Were the Roman soldiers discouraged from having access to luxury food items by his superiors even if they had the chance to buy them?
For example when they were on camp and some merchants arrived to sell their goods to them ( things such as spices, eggs, honey, good wine, etc ), were the roman soldiers banned from buying those things? ( I assume maybe onlyt high rank officers were allowed to buy them to enjoy them later )
- JosephLv 78 months ago
Many European towns started as markets around Roman Legions' camps. The solders were paid on the (more or less) regular basis and there were plenty of merchants eager to separate the legionnaires from their cash. The relative safety of a nearby army post attracted settlers, who grew food to sell to the troops and, in turn, provided a recruitment base for the legion.
- capitalgentlemanLv 78 months ago
There were camp followers, and merchants BECAUSE soldiers purchased those things! It is much the same today. Soldiers get the basic issue, but, make it better with things they have purchased. Higher ranks do this as a matter of course, mostly because they have more money, but, even the lowest soldier likes a treat from time to time. This is not banned at all.
- bluebellbkkLv 78 months ago
Of course it was a matter of supply and demand. If the luxury goods were thin on the ground, officers would have priority because they could pay higher prices.
But there was no reason to ban lower ranks from buying whatever they could afford.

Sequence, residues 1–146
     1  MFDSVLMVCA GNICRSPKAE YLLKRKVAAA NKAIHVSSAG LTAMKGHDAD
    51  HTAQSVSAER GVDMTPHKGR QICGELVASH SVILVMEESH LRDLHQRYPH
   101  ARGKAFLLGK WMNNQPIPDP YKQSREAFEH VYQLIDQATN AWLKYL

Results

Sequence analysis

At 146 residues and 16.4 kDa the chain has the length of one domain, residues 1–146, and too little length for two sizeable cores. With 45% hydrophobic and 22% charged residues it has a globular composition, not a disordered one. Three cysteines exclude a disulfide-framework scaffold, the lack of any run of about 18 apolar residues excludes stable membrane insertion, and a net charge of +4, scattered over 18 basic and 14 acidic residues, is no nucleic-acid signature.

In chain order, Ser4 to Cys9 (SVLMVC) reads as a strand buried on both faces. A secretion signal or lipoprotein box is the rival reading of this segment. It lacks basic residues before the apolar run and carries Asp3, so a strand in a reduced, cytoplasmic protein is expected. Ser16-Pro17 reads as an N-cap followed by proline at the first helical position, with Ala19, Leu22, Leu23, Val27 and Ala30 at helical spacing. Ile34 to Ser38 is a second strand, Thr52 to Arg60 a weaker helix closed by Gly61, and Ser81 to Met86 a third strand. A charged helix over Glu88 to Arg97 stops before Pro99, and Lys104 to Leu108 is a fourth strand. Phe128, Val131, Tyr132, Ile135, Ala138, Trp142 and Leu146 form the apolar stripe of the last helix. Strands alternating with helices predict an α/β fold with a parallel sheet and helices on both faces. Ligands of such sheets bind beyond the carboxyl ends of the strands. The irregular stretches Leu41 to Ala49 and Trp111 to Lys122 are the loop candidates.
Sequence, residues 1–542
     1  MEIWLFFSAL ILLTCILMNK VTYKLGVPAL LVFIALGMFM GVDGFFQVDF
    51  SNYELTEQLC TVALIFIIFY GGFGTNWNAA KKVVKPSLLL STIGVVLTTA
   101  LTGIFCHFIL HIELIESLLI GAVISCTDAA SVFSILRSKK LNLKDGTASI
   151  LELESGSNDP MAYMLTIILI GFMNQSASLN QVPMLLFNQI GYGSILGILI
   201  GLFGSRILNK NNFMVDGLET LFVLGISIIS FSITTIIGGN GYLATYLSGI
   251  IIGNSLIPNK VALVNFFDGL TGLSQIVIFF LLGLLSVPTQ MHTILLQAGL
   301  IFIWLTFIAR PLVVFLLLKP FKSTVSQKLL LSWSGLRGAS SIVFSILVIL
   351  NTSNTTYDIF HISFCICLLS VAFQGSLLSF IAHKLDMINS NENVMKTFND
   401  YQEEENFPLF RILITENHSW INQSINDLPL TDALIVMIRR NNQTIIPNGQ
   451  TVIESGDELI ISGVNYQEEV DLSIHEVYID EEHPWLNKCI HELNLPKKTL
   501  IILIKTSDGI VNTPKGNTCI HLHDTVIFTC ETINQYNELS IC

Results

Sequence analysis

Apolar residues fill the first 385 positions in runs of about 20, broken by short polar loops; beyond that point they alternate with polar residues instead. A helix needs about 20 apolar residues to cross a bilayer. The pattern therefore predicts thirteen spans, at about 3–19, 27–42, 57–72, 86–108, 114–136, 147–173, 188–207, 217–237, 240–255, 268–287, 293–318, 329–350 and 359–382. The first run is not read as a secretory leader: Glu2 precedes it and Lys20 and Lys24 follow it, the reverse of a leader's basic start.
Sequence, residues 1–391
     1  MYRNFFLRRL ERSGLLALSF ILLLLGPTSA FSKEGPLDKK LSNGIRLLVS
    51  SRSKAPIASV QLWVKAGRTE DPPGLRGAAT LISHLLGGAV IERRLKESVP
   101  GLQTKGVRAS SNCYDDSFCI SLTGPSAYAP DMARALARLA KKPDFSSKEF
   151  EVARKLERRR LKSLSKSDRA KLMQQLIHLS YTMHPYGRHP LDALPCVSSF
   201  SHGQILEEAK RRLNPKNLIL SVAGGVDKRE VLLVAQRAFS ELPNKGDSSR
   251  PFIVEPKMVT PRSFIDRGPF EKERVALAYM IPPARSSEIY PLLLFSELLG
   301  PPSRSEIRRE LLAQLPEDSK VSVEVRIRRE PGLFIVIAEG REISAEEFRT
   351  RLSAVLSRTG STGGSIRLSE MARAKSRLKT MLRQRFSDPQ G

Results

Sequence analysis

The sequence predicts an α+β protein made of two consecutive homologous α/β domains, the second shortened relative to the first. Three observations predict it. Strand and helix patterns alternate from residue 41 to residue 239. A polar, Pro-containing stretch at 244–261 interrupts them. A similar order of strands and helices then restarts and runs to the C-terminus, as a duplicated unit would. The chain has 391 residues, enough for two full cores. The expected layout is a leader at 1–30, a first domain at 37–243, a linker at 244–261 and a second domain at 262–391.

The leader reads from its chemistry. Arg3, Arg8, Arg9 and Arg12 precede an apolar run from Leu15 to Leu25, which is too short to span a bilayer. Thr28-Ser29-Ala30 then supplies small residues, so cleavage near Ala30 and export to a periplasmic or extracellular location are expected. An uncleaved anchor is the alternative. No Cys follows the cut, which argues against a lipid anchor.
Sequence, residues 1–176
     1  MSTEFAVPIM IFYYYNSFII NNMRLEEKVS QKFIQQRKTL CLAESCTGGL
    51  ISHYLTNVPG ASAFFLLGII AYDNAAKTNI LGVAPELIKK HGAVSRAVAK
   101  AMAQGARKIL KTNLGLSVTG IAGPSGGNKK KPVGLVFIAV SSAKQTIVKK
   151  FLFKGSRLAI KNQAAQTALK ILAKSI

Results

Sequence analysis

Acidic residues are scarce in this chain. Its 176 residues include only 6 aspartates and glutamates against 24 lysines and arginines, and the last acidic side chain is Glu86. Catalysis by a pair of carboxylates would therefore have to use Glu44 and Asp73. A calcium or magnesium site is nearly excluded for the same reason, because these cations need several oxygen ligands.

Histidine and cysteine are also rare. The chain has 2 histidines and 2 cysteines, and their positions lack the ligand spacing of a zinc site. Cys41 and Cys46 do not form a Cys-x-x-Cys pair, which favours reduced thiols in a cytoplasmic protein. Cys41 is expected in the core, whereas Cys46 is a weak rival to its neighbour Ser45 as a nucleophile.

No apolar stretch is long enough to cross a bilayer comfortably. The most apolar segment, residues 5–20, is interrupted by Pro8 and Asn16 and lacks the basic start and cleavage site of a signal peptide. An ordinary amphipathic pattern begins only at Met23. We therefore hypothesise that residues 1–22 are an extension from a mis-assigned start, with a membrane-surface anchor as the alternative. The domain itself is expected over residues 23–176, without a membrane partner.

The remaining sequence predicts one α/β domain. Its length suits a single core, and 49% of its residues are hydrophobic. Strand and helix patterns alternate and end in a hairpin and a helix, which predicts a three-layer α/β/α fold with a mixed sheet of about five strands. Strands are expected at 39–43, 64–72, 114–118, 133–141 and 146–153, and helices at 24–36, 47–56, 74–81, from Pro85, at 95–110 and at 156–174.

EDIT to add: I wonder why in your question you say "to enjoy 'later'". Why 'later'? Why wouldn't you eat the eggs and honey and whatever right then?
- nevin0020Lv 58 months ago
The soldiers probably wouldn't have held money, it was probably sent home to their families. And the probably wouldn't have been allowed to carry too much luggage around.
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- RaghavendranLv 48 months ago
But not buying means saving for the future, right?
- Tim DLv 78 months ago
Why do you assume that?
Merchants might be more likely to sell to the highest paying customers but there was no prohibition on ordinary soldiers buying delicacies if they had the money.
- 8 months ago
Only if their superiors were stupid.
Outside the major campaigns that made the history books, most Roman soldiers spent years - even decades - on garrison duty, with no chance of home leave. Naturally, their biggest enemy was boredom. However, they still got paid, meaning that merchants were drawn to the commercial opportunity presented by the camps, and you can be sure that their most popular wares were food, wine and sex.
No officer who didn't want a mutiny on his hands would try to stop this trade.